There really aren't two words that better describe the mercurial relationship between Wall Street and Facebook (FB).
Shares of the social-networking giant took a hit on Friday after it failed to post blowout quarterly results. But it certainly wasn't the first time the market and the world's leading social network didn't see eye to eye.
It was just two months ago that Facebook went public at $38, resulting in a beefy market capitalization of $104 billion. Wall Street shook its head, sending the stock lower on its second day of trading.
Analysts have panned the company's $1 billion acquisition of Instagram. They don't like the way CEO Mark Zuckerberg dresses at investor conferences -- when he bothers to show up at all. When social-gaming giant Zynga (ZNGA) posted disappointing quarterly results earlier in the week, Facebook shares also took a hit. And why not? Zynga accounted for 15% of Facebook's revenue during this year's first quarter.
However, the bashing the stock took for Thursday night's report doesn't seem entirely fair. It wasn't that bad, and the bearish argument isn't that good.
First Impressions of the Second Quarter
Facebook went public in mid-May, so this week's report was the company's first quarterly glimpse since going public.
Revenue climbed 32% to $1.18 billion during the quarter. Margins contracted as the company ramped up its spending, but earnings of $0.12 a share matched both what the market was expecting and what the company had earned on a per-share basis a year earlier.
Ad revenue accounted for 84% of the company's revenue, rising 28% over the past year on a combination of an 18% uptick in the number of ads it served up and a 9% increase in the average price for each ad.
That final point is important. Advertisers were willing to spend 9% more for a Facebook lead than they were a year earlier. Stack that up against dot-com advertising leader Google (GOOG), which posted a decline in revenue per click during the same three-month period.
Any concerns that weakness at Zynga would carry over to Facebook were overblown. Non-advertising revenue grew even faster than ad revenue.
Connections Keep Connecting
Reports have surfaced in recent weeks suggesting that Facebook's popularity was peaking in some markets. We'll need another quarter to see if that's true, but engagement during the quarter itself was solid.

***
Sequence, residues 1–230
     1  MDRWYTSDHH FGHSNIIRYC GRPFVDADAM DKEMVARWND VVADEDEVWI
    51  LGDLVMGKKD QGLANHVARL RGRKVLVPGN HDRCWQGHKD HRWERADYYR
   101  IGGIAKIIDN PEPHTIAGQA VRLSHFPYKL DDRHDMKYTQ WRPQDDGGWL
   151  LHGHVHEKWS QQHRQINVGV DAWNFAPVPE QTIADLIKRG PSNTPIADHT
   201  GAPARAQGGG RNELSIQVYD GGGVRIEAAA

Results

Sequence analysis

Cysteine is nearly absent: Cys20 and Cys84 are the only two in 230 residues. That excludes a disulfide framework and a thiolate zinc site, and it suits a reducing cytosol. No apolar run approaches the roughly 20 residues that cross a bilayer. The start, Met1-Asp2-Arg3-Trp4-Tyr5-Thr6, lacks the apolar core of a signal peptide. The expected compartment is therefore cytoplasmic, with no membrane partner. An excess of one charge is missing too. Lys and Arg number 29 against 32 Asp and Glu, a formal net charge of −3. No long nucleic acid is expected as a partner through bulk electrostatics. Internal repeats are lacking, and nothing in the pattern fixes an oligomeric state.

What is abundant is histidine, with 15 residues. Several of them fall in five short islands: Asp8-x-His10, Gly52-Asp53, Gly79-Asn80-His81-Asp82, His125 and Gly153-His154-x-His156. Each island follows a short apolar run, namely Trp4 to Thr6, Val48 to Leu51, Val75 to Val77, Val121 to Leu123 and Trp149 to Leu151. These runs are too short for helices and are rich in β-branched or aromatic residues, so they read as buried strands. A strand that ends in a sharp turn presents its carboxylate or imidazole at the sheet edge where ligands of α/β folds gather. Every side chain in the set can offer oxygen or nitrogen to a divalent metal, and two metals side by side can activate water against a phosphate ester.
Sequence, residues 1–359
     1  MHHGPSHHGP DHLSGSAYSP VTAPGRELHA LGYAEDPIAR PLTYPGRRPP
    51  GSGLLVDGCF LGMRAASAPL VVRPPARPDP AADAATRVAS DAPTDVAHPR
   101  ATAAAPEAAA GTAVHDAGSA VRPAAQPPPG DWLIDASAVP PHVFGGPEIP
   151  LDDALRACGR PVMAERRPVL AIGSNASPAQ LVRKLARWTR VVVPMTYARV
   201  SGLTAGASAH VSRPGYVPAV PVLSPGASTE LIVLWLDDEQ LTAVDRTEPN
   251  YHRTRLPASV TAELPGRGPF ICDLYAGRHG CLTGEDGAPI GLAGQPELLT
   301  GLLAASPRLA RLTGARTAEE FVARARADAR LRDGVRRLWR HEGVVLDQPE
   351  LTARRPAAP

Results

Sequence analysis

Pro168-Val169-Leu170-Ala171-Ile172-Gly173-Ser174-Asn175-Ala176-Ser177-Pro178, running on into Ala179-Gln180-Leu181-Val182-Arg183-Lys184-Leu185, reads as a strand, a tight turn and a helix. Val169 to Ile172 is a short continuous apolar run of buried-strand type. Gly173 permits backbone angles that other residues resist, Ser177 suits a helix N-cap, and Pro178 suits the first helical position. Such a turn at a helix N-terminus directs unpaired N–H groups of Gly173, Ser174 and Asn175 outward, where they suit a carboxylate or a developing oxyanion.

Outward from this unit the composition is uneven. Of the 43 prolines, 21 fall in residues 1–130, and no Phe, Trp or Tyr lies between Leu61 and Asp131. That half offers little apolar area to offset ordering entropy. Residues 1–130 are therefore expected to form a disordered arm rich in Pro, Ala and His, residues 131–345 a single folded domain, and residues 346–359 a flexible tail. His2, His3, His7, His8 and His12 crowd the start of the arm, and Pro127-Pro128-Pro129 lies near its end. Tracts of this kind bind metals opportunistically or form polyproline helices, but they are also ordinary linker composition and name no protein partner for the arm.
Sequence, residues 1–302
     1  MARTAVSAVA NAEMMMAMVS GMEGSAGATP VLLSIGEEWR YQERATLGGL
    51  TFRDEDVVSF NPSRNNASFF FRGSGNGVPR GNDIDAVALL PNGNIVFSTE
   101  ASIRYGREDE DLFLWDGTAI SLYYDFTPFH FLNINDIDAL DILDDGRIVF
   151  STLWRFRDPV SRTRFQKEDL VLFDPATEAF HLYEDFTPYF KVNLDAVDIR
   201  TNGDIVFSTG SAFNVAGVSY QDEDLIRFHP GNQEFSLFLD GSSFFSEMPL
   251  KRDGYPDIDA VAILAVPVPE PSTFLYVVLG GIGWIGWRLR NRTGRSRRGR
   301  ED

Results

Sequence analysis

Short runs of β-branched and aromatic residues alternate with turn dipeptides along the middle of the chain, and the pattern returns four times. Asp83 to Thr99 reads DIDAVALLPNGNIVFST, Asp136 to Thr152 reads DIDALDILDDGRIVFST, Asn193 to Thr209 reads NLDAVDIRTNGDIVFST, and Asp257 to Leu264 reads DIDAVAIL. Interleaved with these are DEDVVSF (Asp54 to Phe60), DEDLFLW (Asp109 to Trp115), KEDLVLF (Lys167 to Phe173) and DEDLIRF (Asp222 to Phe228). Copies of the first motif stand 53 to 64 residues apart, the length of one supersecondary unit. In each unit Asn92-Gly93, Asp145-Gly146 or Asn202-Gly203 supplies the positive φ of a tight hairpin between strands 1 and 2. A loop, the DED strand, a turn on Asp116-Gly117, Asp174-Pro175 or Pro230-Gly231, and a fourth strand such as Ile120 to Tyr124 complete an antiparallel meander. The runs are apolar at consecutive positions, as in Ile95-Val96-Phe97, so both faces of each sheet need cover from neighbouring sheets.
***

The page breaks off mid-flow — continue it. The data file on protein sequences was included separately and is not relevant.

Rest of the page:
There are now 955 million monthly active users on Facebook, 29% higher than the roll call at last year's midpoint. Facebook was at 901 million monthly active users by the end of March, so visitors continue to engage.
No matter how many people swear off Facebook as they close out their accounts, even more people are signing up to begin connecting with friends and family members.
A popular knock on Facebook is that too many users are switching to wireless gadgets to surf the Web and check on Facebook. This poses a monetization problem for Facebook: On a desktop or laptop, Facebook can serve up targeted ads on the right side of the page, but there just isn't enough room to make this work on small smartphone screens.
Facebook's savvy solution has been Sponsored Stories.
Let's take Target (TGT), for example. If you have a friend or more that has "liked" the cheap chic discounter in the past, a promotional Target status update may pop up in your screen. It's an ad, but it may not seem that way, as it's being presented attached to the names of your Facebook connections that like Target.
Facebook finds that this new type of ad is delivering higher click-through rates than the company's traditional ads. Inserting the ad in the news feed also makes it easy to work these spots into mobile.
Now that 543 million of Facebook's 955 million monthly active users are checking in on mobile devices -- up 67% over the past year -- the site finally has a reason to applaud the smartphone and tablet revolutions.
So what's so bad about this report? Was Facebook overvalued when it hit the market two months ago as a $104 billion company? Yes. Now that it has shed more than a third of its IPO value, it's time to start taking Facebook and Zuckerberg seriously.
Longtime Motley Fool contributor Rick Munarriz does not own shares in any stocks in this article. The Motley Fool owns shares of Google and Facebook. Motley Fool newsletter services have recommended buying shares of Facebook and Google.
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